The current regulations for valuing animals for indemnification vary from species to species and, in some cases, from disease to disease within the same species.
The United States Department of Agriculture’s (USDA) announced this week plans to provide greater consistency to the livestock indemnification process.
USDA’s Animal and Plant Health Inspection Service (APHIS) is seeking comments on an advance notice of proposed rulemaking (ANPR) on this new approach to indemnity valuation and a new indemnity framework.
The ANPR describes two structural changes to the indemnity regulations. The first is the use of an annual indemnity value table to standardize the indemnification process and resolve discrepancies between disease programs. The current regulations for valuing animals for indemnification vary from species to species and, in some cases, from disease to disease within the same species. Under the new approach outlined in the ANPR, APHIS would collaborate with other USDA agencies—including the Farm Service Agency’s Livestock Indemnity Program—to develop harmonized USDA indemnity values, along with the methodology to determine them. These values would be published online annually.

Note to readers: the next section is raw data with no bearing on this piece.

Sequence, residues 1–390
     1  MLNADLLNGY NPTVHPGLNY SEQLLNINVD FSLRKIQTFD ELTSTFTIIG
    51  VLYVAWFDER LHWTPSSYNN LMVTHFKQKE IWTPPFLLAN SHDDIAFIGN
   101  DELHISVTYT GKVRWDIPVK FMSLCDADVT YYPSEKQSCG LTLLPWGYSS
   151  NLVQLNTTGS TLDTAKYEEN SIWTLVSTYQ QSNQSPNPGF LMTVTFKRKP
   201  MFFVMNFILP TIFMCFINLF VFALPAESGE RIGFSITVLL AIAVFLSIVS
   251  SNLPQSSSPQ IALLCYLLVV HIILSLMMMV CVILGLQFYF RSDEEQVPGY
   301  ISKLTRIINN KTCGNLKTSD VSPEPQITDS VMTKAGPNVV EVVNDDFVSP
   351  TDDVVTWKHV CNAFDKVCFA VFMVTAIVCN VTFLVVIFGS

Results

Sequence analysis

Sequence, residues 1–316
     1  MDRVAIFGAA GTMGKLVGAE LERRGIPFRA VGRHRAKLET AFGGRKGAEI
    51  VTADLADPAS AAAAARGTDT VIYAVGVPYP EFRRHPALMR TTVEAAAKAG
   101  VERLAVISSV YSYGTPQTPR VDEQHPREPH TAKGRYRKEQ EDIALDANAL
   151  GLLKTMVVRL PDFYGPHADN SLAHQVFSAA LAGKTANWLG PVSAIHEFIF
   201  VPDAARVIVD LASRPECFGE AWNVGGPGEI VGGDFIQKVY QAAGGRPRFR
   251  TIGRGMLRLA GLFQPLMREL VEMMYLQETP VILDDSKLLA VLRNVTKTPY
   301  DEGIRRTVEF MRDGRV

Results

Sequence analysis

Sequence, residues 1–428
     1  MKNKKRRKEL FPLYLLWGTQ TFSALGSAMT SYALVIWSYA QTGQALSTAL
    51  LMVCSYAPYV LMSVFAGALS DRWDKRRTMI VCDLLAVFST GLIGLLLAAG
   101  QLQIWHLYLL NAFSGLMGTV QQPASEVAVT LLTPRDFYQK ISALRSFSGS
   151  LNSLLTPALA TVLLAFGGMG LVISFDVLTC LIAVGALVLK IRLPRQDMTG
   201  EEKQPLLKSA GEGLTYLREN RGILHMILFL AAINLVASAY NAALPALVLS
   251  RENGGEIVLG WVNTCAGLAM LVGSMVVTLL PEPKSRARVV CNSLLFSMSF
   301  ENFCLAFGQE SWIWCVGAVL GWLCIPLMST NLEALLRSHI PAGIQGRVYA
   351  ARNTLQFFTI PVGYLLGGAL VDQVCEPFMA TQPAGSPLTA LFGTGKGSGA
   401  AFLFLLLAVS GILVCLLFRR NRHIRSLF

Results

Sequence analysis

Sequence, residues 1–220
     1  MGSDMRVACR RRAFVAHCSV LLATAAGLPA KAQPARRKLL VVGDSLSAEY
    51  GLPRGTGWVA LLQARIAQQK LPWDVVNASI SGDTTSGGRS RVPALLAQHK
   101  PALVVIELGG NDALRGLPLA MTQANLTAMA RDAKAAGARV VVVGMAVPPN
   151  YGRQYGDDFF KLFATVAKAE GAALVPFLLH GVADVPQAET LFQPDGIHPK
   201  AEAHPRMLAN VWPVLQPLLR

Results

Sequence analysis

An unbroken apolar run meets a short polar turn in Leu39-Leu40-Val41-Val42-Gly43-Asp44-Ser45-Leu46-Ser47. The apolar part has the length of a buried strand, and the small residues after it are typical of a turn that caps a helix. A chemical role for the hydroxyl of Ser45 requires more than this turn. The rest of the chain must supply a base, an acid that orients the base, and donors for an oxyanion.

Second, the ANPR describes an approach to standardize allowances for appraisal when an indemnity value cannot be calculated using the tables or when a producer elects to appeal the indemnity value based on extraordinary circumstances surrounding the animals at issue. This approach would resolve known challenges with indemnification based on fair market appraisal by an appraiser.
The ANPR also outlines the potential consolidation of all APHIS indemnity regulations into a single section of the Code of Federal Regulations. This would harmonize how APHIS addresses value determination, compensation for cleaning and disposal, and other related issues across existing programs.
APHIS is publishing the ANPR to solicit comments to inform future rulemaking. Specifically, they are seeking comments on the standardized approach to indemnity valuation and how it may affect members of the public, as well as any suggestions to improve it. APHIS is also seeking input on whether any species or commodity classes would not benefit from consolidation, whether consolidation would significantly alter disease management, and any other concerns.
Members of the public may submit comments at www.regulations.gov. All comments must be received by November 6, 2022.
Animal and Plant Health Inspection Service Indemnity Regulations. Federal Register, 7 September 2022.